Child Health Events Project

News - 11 May 2017

Children’s services are currently provided by a number of different professions and organisations using different IT systems, which do not speak to each other. Some parents and carers have access to a digital child health record via an e-red book, but this is not linked to NHS and GP systems.

NHS England has produced a Children’s Health Digital Strategy, which aims to improve interoperability between health and care IT systems to enable more integrated services, which better support children and their families.  Two key objectives are: a) knowing where every child is and how healthy they are and b) appropriate access to information for all involved in the care of children, including parents and carers through personal child health records. 

Project overview

NHS England are establishing a central hub to provide a ‘subscribe and publish’ service which will enable information about key health and care events in a child’s life(eg birth details, immunisations, screening reviews etc.) to be shared  electronically with appropriate people, including parents/carers through an electronic Personal Child Health Record or e-Red Book.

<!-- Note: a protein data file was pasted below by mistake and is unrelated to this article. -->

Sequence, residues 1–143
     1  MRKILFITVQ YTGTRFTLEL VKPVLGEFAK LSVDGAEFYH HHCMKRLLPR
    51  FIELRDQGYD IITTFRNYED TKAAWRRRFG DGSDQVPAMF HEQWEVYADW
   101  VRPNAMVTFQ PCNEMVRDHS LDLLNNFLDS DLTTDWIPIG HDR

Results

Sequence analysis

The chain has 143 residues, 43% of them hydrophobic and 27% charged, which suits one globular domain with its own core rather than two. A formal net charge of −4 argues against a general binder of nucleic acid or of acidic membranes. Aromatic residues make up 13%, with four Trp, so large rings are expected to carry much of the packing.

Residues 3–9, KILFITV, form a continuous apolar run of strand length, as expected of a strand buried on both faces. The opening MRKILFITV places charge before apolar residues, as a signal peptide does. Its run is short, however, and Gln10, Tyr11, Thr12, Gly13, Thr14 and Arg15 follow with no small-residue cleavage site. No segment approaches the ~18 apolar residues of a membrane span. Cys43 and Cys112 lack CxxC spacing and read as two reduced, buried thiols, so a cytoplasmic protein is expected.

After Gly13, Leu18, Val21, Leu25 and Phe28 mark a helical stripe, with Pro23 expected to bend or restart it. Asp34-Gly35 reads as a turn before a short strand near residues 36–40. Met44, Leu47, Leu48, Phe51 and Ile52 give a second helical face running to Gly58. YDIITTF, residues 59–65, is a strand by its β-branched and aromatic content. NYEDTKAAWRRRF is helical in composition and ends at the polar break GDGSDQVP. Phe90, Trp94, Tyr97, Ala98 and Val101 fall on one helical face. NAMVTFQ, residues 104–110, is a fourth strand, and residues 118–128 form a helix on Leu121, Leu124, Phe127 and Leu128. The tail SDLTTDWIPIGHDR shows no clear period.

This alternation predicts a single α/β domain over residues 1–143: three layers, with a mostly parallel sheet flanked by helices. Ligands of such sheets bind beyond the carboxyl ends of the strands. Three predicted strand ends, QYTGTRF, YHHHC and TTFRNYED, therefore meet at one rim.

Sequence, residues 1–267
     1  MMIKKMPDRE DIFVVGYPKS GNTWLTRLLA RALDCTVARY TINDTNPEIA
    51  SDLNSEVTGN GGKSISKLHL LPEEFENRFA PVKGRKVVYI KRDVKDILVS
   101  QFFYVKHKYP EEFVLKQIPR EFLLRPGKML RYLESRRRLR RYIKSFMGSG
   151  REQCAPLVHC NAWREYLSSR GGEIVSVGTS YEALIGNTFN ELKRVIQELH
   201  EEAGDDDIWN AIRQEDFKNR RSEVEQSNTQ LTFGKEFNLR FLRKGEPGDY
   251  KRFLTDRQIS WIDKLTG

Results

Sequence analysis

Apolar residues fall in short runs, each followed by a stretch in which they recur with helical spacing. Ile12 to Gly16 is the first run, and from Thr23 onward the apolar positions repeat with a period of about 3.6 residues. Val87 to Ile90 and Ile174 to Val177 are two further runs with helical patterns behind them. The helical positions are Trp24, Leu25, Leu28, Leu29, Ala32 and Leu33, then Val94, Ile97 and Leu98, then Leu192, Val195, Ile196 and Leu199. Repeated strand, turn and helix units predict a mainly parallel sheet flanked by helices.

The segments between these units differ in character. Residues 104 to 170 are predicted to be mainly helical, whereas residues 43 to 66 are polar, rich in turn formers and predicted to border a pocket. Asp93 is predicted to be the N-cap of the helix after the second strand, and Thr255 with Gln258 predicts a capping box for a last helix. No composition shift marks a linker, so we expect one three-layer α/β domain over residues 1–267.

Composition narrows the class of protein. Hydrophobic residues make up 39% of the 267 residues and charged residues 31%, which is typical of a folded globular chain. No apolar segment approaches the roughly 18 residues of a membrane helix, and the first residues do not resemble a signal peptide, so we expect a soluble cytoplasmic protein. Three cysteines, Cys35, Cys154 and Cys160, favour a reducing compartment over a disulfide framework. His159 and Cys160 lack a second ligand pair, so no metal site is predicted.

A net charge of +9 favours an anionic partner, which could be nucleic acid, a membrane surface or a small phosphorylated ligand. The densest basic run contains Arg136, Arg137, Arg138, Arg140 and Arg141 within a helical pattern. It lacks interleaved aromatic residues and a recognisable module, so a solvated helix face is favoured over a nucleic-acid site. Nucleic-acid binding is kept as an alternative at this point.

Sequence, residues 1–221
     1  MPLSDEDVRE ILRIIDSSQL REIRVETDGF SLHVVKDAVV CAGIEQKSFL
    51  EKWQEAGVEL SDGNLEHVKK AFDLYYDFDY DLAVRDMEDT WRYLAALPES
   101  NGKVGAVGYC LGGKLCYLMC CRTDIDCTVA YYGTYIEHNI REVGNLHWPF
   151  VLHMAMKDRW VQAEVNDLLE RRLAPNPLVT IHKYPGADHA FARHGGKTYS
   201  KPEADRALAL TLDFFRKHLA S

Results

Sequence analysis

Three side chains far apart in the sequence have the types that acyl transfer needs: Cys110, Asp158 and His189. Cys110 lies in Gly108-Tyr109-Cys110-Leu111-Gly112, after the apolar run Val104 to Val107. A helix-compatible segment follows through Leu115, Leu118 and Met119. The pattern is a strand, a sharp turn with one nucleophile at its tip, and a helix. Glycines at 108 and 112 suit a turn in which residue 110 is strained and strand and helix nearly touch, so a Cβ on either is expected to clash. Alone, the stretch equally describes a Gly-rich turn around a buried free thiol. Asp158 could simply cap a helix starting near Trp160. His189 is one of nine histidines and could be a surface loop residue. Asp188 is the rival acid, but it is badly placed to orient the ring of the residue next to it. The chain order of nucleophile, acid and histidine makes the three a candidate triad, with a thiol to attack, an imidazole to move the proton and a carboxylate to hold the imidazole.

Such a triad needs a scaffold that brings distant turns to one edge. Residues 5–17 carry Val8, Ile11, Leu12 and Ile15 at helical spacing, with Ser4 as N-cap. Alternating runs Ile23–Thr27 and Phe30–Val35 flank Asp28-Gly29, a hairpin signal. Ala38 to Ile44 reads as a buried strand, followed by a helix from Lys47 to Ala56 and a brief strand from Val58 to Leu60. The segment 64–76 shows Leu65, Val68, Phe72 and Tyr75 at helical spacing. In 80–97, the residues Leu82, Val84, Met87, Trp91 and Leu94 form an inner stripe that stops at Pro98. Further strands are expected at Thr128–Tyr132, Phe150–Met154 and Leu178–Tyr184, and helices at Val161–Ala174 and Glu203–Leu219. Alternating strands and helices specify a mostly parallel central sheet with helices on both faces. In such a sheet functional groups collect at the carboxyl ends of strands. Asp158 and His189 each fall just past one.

This is a collaborative project between NHS Digital and the Professional Record Standards Body (PRSB).  The PRSB role in this project is to undertake wide citizen and health and care professional consultation during the development by NHS Digital of information models and associated deliverables required for the child health events specification.  The aim of the consultation is to make sure that the specification meets the needs of citizens and care professionals and can be implemented by industry suppliers. 

Following the consultation, final versions of the information models will be turned into technical specifications by NHS Digital so that they can be used by suppliers to implement on their IT systems.

The Royal College of Paediatrics and Child Health (RCPCH) and the Royal College of General Practitioners (RCGP) are leading the consultation, supported by the Royal College of Physicians Health Informatics Unit using an evidence and consensus-based process, adapted from that used to develop the Academy of Medical Royal Colleges (AoMRC) clinical record standards which were published in 2013. 

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